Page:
Synchronizing Time Stamp Counter

Synchronizing Time Stamp Counter

Hello everyone!

I have to synchronize time between processors in a multicore system i.e. I have to calculate TSC differences of all processors relative to one of them.
I tried rdtsc() but it returned TSC of the current processor. Is there any way to get TSC from the necessary processor? Or may be I can define processor id somewhere and use an appropriate time stamp counter value.

Thanks in advance,
Roman

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Hi Roman,

there is no IA instruction that directly returns TSC from the core that you can specify as a parameter. Operating systems usually implement various tricks executing rdtsc on all cores and using low-latency thread synchronization/spinning on signal variables to estimate differences between processor TSCs.

Best regards,
Roman

Hi everybody,

>>[ Roman Oderov ]I have to synchronize time between processors in a multicore system i.e. I have to calculate TSC differences of all
>>processors relative to one of them...
>>...
>>[ Roman Dementiev ] there is no IA instruction that directly returns TSC from the core that you can specify as a parameter...

However, if you use a Windows OS there are a couple of Win32 API functions that could help you:

- GetCurrentThread
- SetThreadPriority
- SetThreadAffinityMask
- Sleep

Here is what I would try:

- [Step00] Let's say you have 2 CPUs ( CPU1 and CPU2 )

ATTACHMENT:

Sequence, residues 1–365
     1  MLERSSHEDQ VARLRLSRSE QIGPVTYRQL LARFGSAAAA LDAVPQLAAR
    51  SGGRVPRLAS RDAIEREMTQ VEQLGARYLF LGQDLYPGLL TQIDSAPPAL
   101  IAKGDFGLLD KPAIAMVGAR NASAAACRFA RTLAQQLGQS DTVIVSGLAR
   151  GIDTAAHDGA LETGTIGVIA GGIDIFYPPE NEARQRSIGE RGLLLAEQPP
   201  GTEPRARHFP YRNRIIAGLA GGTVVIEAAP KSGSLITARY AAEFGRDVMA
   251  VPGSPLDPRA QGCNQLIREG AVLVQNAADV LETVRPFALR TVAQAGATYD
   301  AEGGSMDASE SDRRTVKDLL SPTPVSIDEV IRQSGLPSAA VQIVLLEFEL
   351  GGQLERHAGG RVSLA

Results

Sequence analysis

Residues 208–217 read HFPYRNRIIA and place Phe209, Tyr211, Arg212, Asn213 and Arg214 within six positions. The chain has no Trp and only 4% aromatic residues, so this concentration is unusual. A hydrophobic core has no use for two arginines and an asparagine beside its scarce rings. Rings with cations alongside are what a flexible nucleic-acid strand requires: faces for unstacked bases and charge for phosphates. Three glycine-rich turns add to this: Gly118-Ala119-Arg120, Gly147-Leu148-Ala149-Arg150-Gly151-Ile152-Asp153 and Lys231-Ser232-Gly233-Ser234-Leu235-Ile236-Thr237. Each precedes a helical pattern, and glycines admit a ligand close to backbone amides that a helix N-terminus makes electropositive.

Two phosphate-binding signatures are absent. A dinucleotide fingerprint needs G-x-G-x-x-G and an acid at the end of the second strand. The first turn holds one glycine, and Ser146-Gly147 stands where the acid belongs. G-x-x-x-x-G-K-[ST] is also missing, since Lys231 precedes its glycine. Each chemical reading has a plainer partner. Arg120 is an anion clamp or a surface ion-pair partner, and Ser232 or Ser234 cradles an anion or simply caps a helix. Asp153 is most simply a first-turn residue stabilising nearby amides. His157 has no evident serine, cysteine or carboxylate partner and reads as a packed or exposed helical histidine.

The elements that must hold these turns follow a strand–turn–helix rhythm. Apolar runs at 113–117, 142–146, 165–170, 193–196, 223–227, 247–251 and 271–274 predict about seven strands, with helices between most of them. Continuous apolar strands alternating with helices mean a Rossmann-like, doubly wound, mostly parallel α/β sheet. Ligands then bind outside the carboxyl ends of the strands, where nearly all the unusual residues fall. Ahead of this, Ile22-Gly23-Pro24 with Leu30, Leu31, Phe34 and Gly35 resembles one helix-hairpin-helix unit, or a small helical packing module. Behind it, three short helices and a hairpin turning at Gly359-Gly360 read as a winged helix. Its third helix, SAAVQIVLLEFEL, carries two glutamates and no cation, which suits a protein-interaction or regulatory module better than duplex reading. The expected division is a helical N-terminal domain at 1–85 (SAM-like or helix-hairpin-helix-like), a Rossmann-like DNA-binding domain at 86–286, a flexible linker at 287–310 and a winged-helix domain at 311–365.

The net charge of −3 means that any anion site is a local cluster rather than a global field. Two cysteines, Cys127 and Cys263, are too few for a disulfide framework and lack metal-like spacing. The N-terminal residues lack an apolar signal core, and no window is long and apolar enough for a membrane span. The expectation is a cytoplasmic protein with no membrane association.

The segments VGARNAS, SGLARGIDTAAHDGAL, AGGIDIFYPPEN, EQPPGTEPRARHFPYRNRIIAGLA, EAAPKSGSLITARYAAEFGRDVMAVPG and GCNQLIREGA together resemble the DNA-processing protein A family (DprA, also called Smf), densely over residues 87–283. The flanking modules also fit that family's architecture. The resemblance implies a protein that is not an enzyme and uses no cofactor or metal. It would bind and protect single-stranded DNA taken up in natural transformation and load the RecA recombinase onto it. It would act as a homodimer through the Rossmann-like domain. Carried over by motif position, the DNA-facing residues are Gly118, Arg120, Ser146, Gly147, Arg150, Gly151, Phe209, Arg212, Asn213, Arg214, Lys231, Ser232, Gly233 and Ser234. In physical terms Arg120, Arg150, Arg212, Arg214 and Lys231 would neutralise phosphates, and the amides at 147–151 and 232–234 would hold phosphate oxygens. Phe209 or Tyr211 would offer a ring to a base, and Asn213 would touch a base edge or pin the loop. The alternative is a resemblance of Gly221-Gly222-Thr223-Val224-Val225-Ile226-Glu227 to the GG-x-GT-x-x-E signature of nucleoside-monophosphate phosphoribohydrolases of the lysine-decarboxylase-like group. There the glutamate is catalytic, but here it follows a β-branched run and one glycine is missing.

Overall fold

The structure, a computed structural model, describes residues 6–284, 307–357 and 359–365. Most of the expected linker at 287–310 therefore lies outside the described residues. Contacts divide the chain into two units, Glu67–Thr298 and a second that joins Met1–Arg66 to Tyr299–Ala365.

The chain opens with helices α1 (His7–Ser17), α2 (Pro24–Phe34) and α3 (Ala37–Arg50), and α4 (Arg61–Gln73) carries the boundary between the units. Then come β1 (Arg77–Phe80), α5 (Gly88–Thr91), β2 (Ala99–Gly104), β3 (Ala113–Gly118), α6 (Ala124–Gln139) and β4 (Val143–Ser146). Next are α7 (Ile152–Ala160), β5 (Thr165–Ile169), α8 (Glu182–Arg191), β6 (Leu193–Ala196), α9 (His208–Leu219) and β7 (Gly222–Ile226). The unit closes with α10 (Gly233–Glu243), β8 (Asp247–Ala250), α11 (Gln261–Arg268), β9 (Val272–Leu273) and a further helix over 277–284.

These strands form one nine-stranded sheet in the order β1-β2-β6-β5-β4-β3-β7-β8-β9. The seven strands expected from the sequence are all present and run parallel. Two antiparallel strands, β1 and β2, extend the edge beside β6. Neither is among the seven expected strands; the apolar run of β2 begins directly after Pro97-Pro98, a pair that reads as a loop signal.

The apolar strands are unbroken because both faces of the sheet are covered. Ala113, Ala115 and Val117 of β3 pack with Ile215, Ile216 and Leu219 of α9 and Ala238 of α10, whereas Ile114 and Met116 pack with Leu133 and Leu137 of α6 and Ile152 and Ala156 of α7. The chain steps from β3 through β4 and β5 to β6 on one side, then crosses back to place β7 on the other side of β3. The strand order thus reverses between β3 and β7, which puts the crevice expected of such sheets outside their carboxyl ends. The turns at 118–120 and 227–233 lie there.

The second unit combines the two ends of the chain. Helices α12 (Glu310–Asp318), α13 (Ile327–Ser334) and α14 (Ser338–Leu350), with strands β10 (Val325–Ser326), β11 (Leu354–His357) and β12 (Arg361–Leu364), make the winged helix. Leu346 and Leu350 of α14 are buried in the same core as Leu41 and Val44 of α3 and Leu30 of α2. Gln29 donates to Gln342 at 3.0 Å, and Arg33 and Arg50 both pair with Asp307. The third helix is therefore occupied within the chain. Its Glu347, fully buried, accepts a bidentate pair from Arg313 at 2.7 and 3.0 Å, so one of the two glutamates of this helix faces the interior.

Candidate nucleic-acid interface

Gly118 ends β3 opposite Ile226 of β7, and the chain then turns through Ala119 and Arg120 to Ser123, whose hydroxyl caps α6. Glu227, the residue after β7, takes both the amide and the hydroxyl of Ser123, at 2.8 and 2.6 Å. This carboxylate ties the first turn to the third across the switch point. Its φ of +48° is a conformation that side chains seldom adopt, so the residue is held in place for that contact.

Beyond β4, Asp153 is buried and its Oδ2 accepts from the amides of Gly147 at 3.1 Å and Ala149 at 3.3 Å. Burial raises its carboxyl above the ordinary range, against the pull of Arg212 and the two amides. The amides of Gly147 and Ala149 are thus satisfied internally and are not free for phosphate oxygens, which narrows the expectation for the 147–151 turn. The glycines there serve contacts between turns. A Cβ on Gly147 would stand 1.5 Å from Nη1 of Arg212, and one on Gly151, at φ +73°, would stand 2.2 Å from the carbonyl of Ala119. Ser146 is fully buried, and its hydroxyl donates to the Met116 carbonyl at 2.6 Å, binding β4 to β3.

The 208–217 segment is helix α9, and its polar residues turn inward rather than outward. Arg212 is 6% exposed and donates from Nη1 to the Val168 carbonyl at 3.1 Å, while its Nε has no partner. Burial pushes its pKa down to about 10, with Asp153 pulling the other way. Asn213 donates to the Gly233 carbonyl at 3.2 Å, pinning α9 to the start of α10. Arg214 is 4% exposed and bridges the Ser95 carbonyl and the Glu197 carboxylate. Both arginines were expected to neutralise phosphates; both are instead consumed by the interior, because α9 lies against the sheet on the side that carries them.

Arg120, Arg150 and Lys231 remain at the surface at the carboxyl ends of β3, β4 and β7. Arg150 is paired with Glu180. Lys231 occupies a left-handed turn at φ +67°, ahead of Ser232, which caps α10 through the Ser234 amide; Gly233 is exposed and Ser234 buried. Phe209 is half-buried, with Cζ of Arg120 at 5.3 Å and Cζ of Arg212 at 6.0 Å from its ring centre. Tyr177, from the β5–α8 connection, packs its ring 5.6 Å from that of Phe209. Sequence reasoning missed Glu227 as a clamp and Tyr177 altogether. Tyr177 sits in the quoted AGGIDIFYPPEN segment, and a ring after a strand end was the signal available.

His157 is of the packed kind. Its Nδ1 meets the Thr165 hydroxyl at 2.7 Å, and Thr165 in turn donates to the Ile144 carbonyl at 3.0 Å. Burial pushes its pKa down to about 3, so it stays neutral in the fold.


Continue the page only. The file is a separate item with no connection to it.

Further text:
- [Step01] Declare a static / global 'Array' of two 64-bit values
- [Step02] Initialize array values with 0
- [Step03] Create a new thread
- [Step04] Set the thread priority to 'Normal'
- [Step05] Set the thread affinity to CPU1 with SetThreadAffinityMask
- [Step06] Call Sleep( 0 )
- [Step07] Set the thread priority to 'Time Critical'
- [Step08] Use inline assembler and call RDTSC and store the value in 'Array[0]'
- [Step09] Set the thread affinity to CPU2 with SetThreadAffinityMask
- [Step10] Call Sleep( 0 )
- [Step11] Use inline assembler and call RDTSC and store the value in 'Array[1]'
- [Step12] Calculate a difference between 'Array[0]' and 'Array[1]'

Here are some additional notes:

- an overhead for steps [Step08], [Step09], [Step10] and [Step11] has to be evaluated
- it is very important to call Sleep( 0 ) after a call to SetThreadAffinityMask
- do as many as possible tests and some average differences have to used but they should not exceed some accuracy threshold ( in nano-seconds ) defined in your specs

Best regards,
Sergey

Quote:

Sergey Kostrov wrote:

Hi everybody,

>>[ Roman Oderov ]I have to synchronize time between processors in a multicore system i.e. I have to calculate TSC differences of all
>>processors relative to one of them...
>>...
>>[ Roman Dementiev ] there is no IA instruction that directly returns TSC from the core that you can specify as a parameter...